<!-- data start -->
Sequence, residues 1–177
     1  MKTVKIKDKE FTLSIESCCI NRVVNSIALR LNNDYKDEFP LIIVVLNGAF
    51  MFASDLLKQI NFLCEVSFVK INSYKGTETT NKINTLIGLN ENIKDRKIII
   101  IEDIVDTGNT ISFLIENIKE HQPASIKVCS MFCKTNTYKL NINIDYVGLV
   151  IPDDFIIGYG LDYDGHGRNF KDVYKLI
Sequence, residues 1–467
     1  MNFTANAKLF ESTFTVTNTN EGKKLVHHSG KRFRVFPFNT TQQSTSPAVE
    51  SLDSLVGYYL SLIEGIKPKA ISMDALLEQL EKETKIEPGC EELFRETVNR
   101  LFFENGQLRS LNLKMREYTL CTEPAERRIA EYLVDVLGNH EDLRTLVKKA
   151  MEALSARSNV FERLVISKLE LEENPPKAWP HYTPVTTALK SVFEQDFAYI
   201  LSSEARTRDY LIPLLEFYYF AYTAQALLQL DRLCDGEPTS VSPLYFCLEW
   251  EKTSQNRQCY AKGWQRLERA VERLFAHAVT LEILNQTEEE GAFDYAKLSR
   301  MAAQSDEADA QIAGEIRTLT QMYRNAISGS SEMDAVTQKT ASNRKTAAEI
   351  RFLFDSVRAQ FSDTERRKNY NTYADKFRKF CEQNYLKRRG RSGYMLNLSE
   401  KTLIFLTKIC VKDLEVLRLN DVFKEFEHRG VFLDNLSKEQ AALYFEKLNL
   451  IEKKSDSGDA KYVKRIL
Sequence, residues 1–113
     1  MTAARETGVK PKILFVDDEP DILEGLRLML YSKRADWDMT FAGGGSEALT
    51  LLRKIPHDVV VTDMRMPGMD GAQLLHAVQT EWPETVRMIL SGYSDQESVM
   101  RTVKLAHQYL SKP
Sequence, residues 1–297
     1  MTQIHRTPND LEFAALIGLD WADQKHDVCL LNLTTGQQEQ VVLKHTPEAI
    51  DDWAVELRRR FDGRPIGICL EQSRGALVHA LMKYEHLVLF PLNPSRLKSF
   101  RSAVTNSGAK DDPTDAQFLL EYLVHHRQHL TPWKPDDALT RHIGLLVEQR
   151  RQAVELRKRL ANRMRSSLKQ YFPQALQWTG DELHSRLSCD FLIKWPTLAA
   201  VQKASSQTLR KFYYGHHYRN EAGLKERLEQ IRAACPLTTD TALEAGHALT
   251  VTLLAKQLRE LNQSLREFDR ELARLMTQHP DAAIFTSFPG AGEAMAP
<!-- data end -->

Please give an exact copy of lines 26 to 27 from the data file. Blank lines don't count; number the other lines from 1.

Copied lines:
   201  VQKASSQTLR KFYYGHHYRN EAGLKERLEQ IRAACPLTTD TALEAGHALT
   251  VTLLAKQLRE LNQSLREFDR ELARLMTQHP DAAIFTSFPG AGEAMAP